Planners approve 125 homes for green space in Portslade

Posted On 13 Sep 2017 at 1:40 pm

Outline planning permission has been granted to build 125 homes in Mile Oak on open land between Overdown Rise and the A27 Brighton bypass.

More than 350 neighbours wrote letters of objection to Brighton and Hove City Council about the scheme proposed by developer Crest Nicholson.

Crest will pay the council almost £1.5 million in developer contributions towards a road widening plan, help for local schools and jobs, sport and open spaces – as well towards protecting wildlife.

German Doner Kebab

Forty per cent of the homes will be classed as affordable some of which will be for rent.

One of the objectors, Stuart Hodges, told the council’s Planning Committee that Crest Nicholson was trying to “ride roughshod over our local community”.

He criticised the company’s past form in revising down the proportion of affordable housing – in Davigdor Road – and its attempts to wrest extra public money towards its King Alfred plans.

Mr Hodges said that Crest Nicholson had cited a Graham Avenue shopkeeper in support of its scheme.

He said that the shopkeeper had not spoken to Crest and did not support the scheme.

Mr Hodges added: “Do you truly believe they will honour their promises on this proposal? Their past record suggests not.

“Crest has effectively told the people of Mile Oak: ‘On your bike!’”

North Portslade ward councillor Peter Atkinson praised the 400 residents who wrote in, with the overwhelming majority against the scheme.

He focused mainly on infrastructure issues, saying: “It can take up to 20 minutes in the morning to get from Mile Oak on to the A293 link road.

An artist’s impression of the Crest Nicholson scheme for land between Overdown Rise and Mile Oak Road, Portslade

“I note the application still has the proposal for Fox Way to be widened as it approaches the link road but with 200-plus cars from the new development this could still result in near deadlock for long periods of time in the morning.

“We will also see more and more motorists using Bush Farm Drive on the Downs Park estate as a rat run as they become frustrated with the delays in Fox Way.

“This is of huge concern to local people.

“I note that some extra traffic analysis has been carried out but remain unconvinced that this development will not cause major problems and had to smile at one document that suggested cars would emerge from the new development at one every minute in the morning!”

Councillor Atkinson remained concerned about the risk of flooding, particularly around the risk of flooding from surface water.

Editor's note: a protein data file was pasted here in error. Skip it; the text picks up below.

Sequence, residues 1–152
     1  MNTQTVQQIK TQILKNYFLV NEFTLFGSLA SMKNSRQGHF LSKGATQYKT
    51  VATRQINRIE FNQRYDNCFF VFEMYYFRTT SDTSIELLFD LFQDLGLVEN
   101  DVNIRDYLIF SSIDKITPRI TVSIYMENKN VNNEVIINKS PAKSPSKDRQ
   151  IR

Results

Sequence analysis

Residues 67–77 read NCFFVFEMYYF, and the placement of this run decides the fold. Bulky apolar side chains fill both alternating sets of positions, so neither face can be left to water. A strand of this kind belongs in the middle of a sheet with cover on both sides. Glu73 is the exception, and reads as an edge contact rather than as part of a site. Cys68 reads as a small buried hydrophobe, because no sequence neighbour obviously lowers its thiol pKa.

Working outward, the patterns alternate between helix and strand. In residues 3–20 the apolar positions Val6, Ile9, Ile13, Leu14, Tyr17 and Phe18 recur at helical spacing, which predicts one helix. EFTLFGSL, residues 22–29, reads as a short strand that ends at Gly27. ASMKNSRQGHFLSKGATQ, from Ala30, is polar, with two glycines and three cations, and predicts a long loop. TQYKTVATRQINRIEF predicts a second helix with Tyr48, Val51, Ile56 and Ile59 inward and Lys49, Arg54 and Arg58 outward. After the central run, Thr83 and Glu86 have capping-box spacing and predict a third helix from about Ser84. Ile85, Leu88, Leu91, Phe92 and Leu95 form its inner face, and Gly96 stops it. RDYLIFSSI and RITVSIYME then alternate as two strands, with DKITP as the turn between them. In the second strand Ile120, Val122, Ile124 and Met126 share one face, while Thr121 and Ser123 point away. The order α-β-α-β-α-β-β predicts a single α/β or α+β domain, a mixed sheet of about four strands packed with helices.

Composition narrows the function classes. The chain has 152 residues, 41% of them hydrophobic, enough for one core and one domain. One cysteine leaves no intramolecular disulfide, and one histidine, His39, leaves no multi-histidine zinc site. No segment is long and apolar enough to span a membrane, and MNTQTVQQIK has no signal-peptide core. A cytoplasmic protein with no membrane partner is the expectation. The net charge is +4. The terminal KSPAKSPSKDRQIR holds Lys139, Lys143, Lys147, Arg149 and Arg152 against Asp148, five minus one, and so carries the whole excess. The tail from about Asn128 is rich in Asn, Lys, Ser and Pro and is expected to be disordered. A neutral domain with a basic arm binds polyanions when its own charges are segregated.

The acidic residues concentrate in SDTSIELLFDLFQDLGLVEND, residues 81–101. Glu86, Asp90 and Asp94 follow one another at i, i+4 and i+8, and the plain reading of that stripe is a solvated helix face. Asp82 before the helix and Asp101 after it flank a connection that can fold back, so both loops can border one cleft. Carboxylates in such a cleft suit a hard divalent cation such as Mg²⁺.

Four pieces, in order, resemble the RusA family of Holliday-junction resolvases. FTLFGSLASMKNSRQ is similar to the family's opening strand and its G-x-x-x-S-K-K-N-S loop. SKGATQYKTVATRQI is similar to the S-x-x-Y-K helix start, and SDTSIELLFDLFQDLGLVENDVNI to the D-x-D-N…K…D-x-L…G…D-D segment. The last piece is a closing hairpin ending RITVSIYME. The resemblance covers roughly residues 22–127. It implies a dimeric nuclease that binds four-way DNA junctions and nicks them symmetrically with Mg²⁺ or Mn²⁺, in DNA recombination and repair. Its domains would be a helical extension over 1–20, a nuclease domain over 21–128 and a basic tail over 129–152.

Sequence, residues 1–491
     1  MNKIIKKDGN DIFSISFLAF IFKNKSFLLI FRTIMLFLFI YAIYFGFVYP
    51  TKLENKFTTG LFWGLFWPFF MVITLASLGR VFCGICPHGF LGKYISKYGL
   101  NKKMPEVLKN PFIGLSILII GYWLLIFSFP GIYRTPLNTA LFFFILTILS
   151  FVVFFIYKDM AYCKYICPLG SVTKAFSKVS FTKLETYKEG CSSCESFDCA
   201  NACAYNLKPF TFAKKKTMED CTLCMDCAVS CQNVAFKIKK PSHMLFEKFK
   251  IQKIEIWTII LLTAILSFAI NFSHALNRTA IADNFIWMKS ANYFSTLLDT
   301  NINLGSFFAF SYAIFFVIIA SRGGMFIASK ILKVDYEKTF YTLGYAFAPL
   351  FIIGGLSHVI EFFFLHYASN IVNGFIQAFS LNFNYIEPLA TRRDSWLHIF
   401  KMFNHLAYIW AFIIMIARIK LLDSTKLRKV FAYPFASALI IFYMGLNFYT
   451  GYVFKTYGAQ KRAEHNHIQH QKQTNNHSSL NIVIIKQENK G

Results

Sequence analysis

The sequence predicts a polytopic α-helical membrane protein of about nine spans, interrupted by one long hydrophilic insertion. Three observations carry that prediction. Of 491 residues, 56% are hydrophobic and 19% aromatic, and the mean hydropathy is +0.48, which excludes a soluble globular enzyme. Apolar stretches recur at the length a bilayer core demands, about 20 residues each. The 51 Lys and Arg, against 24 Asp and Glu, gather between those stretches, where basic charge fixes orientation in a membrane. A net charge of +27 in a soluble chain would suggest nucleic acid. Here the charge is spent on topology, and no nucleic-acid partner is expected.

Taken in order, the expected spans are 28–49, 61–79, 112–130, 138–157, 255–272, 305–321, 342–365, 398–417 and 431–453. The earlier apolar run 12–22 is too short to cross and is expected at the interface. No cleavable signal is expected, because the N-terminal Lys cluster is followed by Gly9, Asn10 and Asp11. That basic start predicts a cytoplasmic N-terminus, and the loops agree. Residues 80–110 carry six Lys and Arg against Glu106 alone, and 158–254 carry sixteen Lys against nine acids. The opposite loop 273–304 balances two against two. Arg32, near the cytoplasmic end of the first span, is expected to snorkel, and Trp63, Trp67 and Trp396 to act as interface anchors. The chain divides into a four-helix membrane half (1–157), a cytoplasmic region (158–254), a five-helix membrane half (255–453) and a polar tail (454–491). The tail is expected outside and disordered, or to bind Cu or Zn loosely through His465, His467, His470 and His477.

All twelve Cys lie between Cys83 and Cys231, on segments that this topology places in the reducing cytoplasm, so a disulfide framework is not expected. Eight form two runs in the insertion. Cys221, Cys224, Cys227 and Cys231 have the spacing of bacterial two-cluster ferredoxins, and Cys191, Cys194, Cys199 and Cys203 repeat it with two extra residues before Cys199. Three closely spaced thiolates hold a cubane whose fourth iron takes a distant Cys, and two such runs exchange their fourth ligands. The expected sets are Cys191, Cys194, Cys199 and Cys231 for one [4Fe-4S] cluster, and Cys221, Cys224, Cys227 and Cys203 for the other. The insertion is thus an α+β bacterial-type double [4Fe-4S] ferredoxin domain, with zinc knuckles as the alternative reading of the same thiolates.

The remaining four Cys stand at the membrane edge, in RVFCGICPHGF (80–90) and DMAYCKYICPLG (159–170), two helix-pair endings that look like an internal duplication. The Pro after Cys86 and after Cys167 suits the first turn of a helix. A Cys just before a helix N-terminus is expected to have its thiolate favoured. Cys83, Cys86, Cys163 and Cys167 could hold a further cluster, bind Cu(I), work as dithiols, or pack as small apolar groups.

He said: “The Environment Agency website gives an indicative outline of the flooding risks from rainwater and, in relation to this area, suggests that the flow is mainly from the allotment area to the east of the proposed development with a small amount from Gorse Close.

“This then all eventually heads across to Valley Road and towards the Old Village both of which have seem significant flooding recently.

Councillor Peter Atkinson

“My concern is that by building at the back of Overdown Rise, we are going to risk even more rainwater gushing down into the drains rather than soaking away into the earth.

“I realise that there are preventative measures in the plans but I remain extremely concerned that we are just adding to the flood risk.

“I would also ask the committee to note Southern Water’s comments in Section 5.42 which says: ‘The proposal would increase flows into the waste water sewerage system (and) as a result increase (the) risk of flooding in and around the area.’

“Mile Oak Medical Centre is already running at full capacity. Two hundred more patients could overwhelm it.

“I can see nothing in the application that recognises that, in the morning particularly, the number 1 bus is often already full before it reaches Portslade Old Village, making life very difficult for those trying to get to work on the bus.

“The emphasis on public transport is welcome but we need a note of reality here.

“As I said at the first application, we need new housing but this is simply the wrong place for it.”

An aerial view of the Crest Nicholson site in Mile Oak, bounded by the A27 Brighton bypass to the north

Crest Nicholson’s project manager Jon Callcutt said: “It will meet the housing needs of the local area, providing 125 desperately need homes for families.”

He said that the new application sought to address councillors’ concerns after a previous scheme was turned down in April and followed a pre-application presentation made to the committee.

Crest Nicholson no longer wished to have access to the site from Mile Oak Road – just Overdown Rise – and the plans included more open space.

He said that the road widening proposal where Fox Way meets the link road was robust.

And he said that his company was putting up enough money to make sure that reptiles were transferred to a suitable alternative site on Whitehawk Hill.

There would, he said, be “a net gain for local biodiversity” although Councillor Lynda Hyde said that travellers frequented the Whitehawk site and had previously damaged wildlife there.

Mr Callcutt also said that soakaways, permeable paving and a cut-off channel would tackle the threat of surface water run-off and deal with the risk of flooding.

He added: “The scheme is fundamentally a sustainable form of development.”

Councillor Les Hamilton

Councillor Michael Inkpin-Leissner had reservations about how trustworthy Crest Nicholson’s undertaking would be.

Councillor Les Hamilton, who has lived in Mile Oak for more than 60 years, said that the land was a water catchment area and was unsuitable for housing.

Southern Water was, he said, “at best lukewarm about this”. He remained concerned about the flood risks and potential water contamination.